Sevion’s Advice For Exam Season

Sevion DaCosta


As the students are experiencing the few last hell weeks of the year, exam season

(szn for all the trendy folks) is ungrudgingly approaching. As the board of stewards

recently concluded the first ever Student-Steward drop in session, the question of how to

best study for exams came up. For this reason I have made a short list that will lead to

success on exams.

1. Organize your binder/computer folders.

When you are studying material from all/half of the school year, it is essential to

be able to quickly find information in a binder. Organizing your binder in chronological

order of themes will make studying go as smooth as possible. For those students who use

computer notes, organize your computer folders to ensure that you have everything. This

includes titles, dates, all class notes and test review packages. This step should be

completed first and done as soon as possible.

2. Make a study plan

Plan the amount of allotted time you will spend on each class, and what days you

are studying on. Ensure your schedule is in accordance to your date of exam, difficulty of

that class and the amount of material needed to be covered. Implement study breaks in

your daily study schedule and attempt, as much as possible, to stick to your plan.

Creating a 2-3 week plan and daily plans with create efficient study habits.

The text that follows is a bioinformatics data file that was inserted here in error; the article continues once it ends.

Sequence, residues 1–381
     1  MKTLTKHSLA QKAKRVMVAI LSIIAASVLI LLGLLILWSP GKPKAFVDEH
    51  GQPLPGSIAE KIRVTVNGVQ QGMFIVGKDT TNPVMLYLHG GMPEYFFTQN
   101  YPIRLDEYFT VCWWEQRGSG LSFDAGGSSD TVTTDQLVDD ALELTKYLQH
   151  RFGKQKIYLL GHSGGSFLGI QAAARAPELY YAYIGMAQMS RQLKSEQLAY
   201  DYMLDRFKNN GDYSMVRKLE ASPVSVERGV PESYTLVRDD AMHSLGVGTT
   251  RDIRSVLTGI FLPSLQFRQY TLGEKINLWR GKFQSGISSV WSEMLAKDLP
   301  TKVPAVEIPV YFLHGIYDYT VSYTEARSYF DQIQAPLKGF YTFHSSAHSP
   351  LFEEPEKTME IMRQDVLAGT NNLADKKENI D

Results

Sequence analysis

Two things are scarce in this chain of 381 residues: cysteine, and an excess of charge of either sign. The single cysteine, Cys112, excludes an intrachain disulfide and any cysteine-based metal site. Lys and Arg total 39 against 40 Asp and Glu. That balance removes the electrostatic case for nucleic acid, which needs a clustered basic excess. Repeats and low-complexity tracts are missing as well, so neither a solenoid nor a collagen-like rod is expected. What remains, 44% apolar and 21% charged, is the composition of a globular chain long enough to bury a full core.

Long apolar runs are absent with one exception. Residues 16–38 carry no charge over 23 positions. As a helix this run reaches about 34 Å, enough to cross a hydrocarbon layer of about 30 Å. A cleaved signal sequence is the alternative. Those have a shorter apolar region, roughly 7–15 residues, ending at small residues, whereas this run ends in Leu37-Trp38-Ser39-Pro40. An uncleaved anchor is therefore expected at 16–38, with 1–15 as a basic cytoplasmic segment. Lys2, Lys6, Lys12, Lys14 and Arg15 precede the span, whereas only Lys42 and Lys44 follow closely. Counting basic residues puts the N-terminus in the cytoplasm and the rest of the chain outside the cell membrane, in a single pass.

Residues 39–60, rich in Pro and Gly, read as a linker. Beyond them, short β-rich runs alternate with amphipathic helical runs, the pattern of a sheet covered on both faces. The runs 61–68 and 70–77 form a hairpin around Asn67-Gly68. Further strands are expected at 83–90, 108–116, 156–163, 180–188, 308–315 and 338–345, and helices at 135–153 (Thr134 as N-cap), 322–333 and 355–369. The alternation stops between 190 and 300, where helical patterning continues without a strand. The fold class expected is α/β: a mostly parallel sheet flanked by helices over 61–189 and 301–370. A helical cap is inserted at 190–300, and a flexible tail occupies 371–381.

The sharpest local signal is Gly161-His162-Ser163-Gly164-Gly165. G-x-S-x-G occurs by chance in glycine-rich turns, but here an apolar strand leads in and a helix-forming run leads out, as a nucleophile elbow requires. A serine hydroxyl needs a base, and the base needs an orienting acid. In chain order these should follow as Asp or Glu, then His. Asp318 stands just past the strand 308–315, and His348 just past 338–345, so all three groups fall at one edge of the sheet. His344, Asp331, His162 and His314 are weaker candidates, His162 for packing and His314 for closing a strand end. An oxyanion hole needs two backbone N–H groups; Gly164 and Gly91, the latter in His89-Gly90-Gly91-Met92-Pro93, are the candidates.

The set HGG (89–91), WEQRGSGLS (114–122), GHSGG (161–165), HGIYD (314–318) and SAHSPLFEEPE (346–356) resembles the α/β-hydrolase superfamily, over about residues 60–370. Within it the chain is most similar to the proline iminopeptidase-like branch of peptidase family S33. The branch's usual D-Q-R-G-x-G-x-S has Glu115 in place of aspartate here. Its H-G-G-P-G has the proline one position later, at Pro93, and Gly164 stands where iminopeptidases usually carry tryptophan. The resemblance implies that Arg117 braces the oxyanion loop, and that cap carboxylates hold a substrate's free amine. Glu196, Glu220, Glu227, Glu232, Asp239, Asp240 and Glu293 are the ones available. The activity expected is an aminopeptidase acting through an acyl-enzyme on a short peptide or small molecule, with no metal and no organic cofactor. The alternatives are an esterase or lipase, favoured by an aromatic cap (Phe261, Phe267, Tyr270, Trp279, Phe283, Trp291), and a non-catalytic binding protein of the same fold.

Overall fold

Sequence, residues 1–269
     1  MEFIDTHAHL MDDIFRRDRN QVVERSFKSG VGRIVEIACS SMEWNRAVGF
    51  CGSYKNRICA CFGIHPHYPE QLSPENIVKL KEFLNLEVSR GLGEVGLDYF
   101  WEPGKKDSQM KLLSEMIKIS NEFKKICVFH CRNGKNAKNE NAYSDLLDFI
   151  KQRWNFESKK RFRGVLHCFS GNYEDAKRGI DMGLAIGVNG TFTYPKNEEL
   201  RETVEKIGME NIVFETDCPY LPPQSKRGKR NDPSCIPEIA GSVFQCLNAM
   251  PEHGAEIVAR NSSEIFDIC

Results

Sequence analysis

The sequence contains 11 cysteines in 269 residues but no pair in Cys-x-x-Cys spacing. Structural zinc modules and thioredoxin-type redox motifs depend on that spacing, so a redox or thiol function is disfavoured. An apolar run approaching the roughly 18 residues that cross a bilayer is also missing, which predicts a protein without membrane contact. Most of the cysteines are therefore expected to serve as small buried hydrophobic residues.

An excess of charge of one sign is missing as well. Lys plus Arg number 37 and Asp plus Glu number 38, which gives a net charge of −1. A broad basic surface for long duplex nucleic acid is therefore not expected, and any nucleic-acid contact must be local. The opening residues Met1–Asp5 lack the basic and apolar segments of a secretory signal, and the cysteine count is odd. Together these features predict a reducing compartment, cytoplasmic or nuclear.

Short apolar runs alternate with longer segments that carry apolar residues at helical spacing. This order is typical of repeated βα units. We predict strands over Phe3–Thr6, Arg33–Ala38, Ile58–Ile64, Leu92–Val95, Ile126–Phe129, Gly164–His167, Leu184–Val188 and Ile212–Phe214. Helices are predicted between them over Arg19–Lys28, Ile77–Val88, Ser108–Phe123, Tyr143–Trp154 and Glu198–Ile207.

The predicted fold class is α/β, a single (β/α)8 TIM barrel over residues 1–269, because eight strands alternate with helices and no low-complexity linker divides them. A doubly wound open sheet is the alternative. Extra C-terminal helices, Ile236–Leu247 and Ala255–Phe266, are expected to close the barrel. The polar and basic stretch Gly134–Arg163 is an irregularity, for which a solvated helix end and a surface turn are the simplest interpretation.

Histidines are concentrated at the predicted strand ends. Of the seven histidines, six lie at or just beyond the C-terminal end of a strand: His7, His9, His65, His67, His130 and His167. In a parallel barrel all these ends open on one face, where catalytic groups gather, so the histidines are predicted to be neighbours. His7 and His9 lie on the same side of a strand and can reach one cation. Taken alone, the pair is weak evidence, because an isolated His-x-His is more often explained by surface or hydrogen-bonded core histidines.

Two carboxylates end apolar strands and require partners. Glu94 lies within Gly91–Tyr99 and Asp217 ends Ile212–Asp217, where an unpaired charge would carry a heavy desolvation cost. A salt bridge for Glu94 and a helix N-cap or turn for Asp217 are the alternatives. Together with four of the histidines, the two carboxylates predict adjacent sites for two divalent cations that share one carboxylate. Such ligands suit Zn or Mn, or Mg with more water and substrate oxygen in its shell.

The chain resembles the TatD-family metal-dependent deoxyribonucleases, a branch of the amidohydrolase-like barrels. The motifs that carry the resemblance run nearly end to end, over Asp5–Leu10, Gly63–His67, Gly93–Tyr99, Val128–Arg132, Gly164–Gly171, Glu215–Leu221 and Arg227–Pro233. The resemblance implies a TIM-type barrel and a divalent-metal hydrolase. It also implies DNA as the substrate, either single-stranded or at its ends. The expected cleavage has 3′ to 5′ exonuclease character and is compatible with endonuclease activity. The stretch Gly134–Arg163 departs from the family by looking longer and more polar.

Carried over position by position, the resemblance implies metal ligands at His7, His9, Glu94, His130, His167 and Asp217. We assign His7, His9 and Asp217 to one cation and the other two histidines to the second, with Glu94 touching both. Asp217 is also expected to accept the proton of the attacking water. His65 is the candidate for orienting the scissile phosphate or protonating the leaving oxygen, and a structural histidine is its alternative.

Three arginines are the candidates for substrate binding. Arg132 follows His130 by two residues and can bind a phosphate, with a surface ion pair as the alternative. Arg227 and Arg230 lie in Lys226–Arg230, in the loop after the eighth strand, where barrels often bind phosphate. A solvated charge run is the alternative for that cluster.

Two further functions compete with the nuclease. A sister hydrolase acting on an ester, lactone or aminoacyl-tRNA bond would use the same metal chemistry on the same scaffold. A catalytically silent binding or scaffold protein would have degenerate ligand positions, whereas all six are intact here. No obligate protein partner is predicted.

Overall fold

3. Find your study techniques

For each class you will have different study techniques. You simply cannot study

for an English exam, the same way you would for math exam. Some people like to form

study groups, highlight notes, or rewrite notes. The best advice is to find what techniques

work best for you in each subject area.

4. Hide your distractions

This may be the hardest step for teenagers when it comes to studying. If you

constantly use your smart phone, give it to your mom, put in downstairs, and guarantee

that it is out of sight. To block distractions on your Internet browser, “StayFocused” is a

tremendous Google chrome extension. It requires the users to add their most used

websites to the “blocked list”, then prompts the user to set the allotted time they are

allowed to use those websites between a study time (ex. My stay focused gives me 15

minutes after 3:30pm for my most used websites)

5. Put your “nose to the grindstone”

The last step is to be proactive, and in conjunction with the previous points, this

will be the easiest step. Being proactive does not simply mean doing your questions; you

should also be asking your teachers questions, writing any old exams, exam review


Good luck to everyone on their exams and look for emails regarding more

Steward-Student drop in sessions!